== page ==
||If there is one person who really embodies the soul of Arapiraca, that person is Zezito Guedes (José Gomes Pereira). “My journey is enough for three years worth of stories.” It certainly is. “When I left home I was 2 years old. I was taken to my grandparents’ house, and stayed there. My childhood was problematic, because my aunts always threatened to send me back to my parents. I arrived in Arapiraca at the age of 6. My uncle bought cows and I looked after them. I preferred that to studying. I loved being on my uncle smallholding. At school, I failed one year so my uncle decided to send me to be an apprentice at a workshop that made artificial limbs. I learned the trade very well. At 15 I was a professional but my uncle doubted my intelligence, which really hurt my feelings. I was good at my job and decided to study so my uncle wouldn’t have to pay anything else for me, but at 17 I was young and enjoyed having a good time. I got married and stayed at home. I taught myself how to be a sculptor. I started with plaster and wood. I took part in the first Salão de Arte (Art Exhibition) de Arapiraca, and an art critic told me to forget plaster. He said I should concentrate on wood because I had talent.”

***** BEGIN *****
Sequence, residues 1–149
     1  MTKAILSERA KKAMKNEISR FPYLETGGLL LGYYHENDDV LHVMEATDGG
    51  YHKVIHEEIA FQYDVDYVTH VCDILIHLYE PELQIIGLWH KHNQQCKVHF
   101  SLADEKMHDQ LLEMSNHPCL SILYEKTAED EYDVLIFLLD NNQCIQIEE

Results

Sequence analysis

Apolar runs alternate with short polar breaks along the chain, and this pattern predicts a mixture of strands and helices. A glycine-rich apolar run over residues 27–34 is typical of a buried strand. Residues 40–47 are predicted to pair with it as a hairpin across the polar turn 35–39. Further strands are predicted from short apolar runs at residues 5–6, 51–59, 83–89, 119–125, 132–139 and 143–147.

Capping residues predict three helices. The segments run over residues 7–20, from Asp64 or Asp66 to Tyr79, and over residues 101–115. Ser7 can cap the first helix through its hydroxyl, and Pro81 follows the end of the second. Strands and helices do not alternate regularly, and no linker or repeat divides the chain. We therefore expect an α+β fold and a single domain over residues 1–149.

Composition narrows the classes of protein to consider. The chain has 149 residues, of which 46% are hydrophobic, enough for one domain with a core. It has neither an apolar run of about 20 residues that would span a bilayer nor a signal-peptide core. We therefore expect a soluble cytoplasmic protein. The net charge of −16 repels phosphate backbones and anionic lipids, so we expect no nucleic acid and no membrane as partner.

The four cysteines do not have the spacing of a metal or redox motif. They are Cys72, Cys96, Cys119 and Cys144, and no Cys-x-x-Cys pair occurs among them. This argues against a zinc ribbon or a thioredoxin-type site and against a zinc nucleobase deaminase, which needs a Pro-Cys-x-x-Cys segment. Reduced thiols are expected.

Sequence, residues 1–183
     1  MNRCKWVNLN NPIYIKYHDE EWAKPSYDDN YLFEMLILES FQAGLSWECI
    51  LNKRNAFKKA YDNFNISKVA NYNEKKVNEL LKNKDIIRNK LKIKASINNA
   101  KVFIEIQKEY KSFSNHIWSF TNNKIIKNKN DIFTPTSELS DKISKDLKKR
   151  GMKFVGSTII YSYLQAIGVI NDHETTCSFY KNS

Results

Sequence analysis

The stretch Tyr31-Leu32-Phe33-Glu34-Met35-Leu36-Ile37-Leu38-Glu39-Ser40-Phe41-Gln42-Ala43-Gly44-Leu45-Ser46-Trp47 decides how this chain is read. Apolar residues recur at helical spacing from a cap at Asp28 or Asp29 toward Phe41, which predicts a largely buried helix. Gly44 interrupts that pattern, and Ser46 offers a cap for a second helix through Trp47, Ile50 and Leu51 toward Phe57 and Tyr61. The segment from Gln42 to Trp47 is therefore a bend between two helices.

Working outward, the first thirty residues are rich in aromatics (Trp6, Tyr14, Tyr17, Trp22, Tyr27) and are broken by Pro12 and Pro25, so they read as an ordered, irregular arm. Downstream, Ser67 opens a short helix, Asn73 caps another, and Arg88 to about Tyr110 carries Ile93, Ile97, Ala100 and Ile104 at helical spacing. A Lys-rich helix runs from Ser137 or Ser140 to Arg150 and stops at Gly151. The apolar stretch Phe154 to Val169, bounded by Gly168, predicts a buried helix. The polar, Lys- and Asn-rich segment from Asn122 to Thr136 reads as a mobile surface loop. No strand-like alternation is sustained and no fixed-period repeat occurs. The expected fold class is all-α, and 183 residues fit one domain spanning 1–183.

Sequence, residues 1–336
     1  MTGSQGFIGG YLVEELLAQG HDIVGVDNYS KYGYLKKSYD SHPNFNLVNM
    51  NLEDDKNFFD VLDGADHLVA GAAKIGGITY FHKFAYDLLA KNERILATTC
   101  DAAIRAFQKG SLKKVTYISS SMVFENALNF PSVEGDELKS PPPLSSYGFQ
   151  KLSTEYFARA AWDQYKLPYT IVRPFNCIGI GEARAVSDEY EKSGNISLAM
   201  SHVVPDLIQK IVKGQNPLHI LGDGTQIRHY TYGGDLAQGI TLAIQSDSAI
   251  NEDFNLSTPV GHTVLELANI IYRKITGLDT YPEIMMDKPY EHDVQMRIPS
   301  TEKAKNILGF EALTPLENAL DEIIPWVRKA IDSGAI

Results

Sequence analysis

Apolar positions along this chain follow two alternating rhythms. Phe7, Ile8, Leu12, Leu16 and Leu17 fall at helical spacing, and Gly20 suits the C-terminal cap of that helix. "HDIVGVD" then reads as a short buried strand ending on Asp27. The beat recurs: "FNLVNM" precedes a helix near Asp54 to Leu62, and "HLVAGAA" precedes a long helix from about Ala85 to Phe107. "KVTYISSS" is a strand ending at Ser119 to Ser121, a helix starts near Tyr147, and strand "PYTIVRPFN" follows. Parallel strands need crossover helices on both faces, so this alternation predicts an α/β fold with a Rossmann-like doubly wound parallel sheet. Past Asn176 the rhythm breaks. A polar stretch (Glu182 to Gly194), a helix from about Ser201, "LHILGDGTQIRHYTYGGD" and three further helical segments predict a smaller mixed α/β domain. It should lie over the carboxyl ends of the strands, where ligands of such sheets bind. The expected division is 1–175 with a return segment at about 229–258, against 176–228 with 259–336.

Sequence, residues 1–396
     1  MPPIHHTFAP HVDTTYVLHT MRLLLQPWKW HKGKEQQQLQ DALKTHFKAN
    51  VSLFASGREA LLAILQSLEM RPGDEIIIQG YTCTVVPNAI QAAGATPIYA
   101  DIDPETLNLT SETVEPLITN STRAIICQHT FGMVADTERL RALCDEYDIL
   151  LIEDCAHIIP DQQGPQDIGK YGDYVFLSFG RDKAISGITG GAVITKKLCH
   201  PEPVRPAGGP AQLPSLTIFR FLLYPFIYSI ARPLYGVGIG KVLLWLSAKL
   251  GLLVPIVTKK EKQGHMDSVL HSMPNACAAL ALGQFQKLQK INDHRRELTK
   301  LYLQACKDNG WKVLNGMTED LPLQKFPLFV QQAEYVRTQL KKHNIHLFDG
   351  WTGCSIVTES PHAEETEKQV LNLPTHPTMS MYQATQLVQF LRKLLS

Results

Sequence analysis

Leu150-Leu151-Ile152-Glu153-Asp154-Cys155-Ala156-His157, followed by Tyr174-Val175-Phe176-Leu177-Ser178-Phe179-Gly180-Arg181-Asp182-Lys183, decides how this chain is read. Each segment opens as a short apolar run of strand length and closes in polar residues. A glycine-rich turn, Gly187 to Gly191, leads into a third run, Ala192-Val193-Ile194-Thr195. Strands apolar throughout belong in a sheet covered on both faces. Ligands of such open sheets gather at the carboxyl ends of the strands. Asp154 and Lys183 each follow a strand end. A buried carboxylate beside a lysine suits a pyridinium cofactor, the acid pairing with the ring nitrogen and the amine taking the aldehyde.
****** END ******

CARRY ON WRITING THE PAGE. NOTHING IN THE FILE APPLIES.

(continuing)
Zezito’s work has simple lines which are full of depth. He reached this standard alone using his sensibility for the things around him. He also works with iron and stone. “Arapiraca is different now. There are no more fairs with craft artists, puppeteers, singers, witches, acrobats, clairvoyants and bands playing. The pavement is empty. The fair used to take over 32 streets, and now it’s gone, and so are the tourists.”
But Zezito won’t let things be. He loves local traditions, has compiled a book with local songs and folklore, and fiercely defends his fellow artists.